Washington’s General Election is under way. About 65,000 military and overseas ballots were going out by Saturday, Sept. 20, many of them sent electronically, and those voters are able to begin voting as soon as they receive their ballots.
The other 3.8 million registered voters will be getting ballots and Voters’ Pamphlets by this time next month. The 18-day voting period kicks off Oct. 17.
Ballots can be voted any time after they are received. They may be returned by mail, in person, or by using a county-supplied dropbox. Postmark deadline is Election Day, Nov. 4; dropboxes may be used until 8 p.m. Election Day. Results will be available online and via smart-phone apps after 8 p.m. Election Night.
Deadline for online and mail-in voter registration is Oct. 6.
Secretary of State Kim Wyman is forecasting a 62 percent voter participation for the mid-term election, or roughly double the turnout in this year’s primary. The 62 percent figure is lower than the turnout for the two previous midterm elections (71 percent in 2010 and 65 percent in 2006), primarily because this year we have no U.S. Senate
race to spur public attention and media coverage/advertising. In both 2010 and 2006, a Senate race was on the ballot. The turnout in 2002, the last midterm election without a Senate race, was 56.4 percent.
Secretary Wyman said turnout should be better than the 2002 cycle because:
–Three statewide ballot propositions are drawing heavy attention – two involving gun sales background checks and the other mandating smaller K-12 class sizes.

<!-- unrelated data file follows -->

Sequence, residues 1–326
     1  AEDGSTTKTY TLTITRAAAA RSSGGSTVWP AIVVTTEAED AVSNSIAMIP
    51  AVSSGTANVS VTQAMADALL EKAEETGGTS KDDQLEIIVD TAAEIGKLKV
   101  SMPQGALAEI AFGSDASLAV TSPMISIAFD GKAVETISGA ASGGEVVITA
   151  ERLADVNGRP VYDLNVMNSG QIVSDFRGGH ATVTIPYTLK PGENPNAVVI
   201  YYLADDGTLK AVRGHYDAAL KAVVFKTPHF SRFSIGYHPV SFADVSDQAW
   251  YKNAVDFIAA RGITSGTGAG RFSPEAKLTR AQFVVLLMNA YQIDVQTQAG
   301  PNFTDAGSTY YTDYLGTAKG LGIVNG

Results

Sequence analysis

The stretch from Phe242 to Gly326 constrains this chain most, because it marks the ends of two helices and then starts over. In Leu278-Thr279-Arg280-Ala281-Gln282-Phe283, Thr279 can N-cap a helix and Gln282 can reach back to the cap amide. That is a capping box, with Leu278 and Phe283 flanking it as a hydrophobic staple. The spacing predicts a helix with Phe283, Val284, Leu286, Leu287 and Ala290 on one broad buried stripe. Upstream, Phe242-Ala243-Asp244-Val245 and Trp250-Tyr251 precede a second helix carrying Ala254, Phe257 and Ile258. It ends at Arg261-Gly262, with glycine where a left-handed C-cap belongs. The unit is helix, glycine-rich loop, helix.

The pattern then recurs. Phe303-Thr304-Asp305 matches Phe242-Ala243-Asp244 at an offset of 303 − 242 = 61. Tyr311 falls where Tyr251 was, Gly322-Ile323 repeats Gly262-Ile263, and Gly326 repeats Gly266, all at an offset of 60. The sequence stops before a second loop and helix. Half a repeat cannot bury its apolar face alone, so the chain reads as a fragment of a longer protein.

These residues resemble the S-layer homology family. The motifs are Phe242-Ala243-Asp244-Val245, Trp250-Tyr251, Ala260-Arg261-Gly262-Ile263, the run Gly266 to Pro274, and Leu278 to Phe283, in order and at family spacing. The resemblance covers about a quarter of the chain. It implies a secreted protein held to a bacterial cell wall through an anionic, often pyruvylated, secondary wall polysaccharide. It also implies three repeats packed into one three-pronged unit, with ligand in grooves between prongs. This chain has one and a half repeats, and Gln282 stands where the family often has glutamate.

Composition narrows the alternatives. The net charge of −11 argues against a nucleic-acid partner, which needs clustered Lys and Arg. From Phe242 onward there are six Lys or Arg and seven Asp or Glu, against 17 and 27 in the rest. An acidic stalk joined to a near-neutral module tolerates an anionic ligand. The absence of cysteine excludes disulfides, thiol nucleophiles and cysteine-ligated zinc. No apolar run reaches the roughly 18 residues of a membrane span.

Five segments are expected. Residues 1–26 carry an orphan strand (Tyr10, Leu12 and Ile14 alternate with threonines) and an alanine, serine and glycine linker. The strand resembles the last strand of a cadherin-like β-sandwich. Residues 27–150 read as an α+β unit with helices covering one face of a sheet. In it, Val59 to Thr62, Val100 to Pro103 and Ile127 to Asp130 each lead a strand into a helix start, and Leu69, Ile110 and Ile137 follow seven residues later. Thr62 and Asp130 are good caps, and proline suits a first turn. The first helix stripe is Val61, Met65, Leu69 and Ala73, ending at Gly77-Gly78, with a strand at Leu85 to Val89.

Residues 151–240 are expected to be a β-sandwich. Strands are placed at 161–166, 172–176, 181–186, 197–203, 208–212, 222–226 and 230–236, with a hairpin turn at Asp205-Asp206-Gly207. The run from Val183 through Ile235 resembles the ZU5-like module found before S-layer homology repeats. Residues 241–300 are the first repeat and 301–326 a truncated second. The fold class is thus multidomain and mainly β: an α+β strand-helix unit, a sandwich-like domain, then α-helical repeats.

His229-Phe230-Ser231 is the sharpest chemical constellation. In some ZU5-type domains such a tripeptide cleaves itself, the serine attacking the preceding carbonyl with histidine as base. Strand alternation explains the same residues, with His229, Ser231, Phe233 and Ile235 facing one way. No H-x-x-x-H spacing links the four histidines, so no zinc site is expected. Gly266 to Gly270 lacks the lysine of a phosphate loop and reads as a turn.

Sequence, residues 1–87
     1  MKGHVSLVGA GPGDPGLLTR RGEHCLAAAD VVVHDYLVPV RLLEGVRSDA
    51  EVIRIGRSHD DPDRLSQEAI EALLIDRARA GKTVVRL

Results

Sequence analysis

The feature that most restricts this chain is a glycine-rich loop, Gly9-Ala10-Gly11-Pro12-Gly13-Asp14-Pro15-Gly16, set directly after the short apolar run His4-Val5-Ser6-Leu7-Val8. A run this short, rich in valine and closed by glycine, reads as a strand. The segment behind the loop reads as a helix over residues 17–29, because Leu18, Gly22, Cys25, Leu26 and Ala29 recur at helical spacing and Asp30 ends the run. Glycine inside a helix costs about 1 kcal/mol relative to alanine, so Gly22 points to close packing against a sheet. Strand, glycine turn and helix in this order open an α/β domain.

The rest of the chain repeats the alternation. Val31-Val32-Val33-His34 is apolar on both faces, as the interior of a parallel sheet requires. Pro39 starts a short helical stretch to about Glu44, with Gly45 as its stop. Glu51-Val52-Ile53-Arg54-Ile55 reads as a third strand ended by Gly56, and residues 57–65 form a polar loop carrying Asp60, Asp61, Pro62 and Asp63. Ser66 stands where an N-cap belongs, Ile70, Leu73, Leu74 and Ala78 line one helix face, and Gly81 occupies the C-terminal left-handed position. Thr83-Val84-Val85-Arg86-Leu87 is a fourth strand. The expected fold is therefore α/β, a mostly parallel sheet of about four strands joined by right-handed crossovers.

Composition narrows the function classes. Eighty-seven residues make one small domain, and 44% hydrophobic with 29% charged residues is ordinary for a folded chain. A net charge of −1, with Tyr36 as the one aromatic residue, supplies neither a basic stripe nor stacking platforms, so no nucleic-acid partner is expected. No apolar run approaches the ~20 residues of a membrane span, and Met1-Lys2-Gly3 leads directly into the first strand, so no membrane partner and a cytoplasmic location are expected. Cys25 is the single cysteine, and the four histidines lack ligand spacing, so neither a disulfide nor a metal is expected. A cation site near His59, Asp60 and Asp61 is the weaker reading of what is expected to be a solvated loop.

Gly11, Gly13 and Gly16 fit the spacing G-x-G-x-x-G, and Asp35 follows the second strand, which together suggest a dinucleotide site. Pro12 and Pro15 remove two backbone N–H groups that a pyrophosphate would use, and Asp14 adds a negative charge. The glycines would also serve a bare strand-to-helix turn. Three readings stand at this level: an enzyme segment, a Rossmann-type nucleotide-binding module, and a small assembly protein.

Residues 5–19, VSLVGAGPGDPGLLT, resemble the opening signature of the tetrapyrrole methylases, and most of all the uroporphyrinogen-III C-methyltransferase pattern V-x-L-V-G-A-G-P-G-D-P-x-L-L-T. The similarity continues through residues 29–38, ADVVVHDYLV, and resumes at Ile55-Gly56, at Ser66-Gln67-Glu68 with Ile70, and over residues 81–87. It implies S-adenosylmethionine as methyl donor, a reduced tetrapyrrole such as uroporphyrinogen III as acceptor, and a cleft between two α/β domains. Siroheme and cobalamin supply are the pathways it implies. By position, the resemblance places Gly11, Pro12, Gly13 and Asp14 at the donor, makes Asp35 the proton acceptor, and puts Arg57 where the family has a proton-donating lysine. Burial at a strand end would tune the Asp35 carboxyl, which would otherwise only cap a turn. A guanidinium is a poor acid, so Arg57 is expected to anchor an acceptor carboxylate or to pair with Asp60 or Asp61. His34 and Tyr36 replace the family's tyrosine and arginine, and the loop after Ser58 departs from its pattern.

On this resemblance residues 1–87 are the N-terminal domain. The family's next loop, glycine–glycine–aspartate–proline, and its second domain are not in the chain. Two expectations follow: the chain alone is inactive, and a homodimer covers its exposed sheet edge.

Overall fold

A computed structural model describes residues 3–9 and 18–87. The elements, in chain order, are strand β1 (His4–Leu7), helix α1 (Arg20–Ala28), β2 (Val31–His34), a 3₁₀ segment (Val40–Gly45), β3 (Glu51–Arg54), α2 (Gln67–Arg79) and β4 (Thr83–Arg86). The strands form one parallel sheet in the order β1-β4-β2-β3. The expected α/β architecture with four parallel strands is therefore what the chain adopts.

–A number of areas of the state have hot congressional (especially the open 4th District) and legislative races, judicial contests and local races and propositions.
–The state will be voting entirely by mail, unlike the previous midterm elections, permitting an 18-day voting period at the convenience of the voter. Postage-free use of dropboxes has become a increasingly popular and secure way to vote.
The Secretary added:
“As usual, the only turnout percentage that would truly satisfy is 100 percent. It’s true that the midterm election doesn’t have statewide partisan elections, such as Senate or Governor this year, but there are still many, many important issues to decide and leaders to elect. I strongly urge everyone study up on the issues and be counted. We have loads of good information online and in our Voters’ Pamphlet and the media, TVW and campaigns will be supplying information for you to take into account.”
Wyman and state Elections Director Lori Augino said state and county election administrators have a special spot in their hearts for the military and overseas voters who will be getting their ballots any day now.
Wyman, who has made advocacy for military families and veterans a signature issue, said military and overseas ballots can be sent and returned by email or fax, and that they will be accepted until the counties need to certify the election.
“As a military wife myself, I can remember how much voting meant to us when we were stationed in Germany,” Wyman said. “It is an important tie to back home.”
“We in Washington pride ourselves on making sure our military and overseas folks have good options for receiving and returning their ballots. We encourage these voters to cast their ballots as soon as they get them – don’t wait.”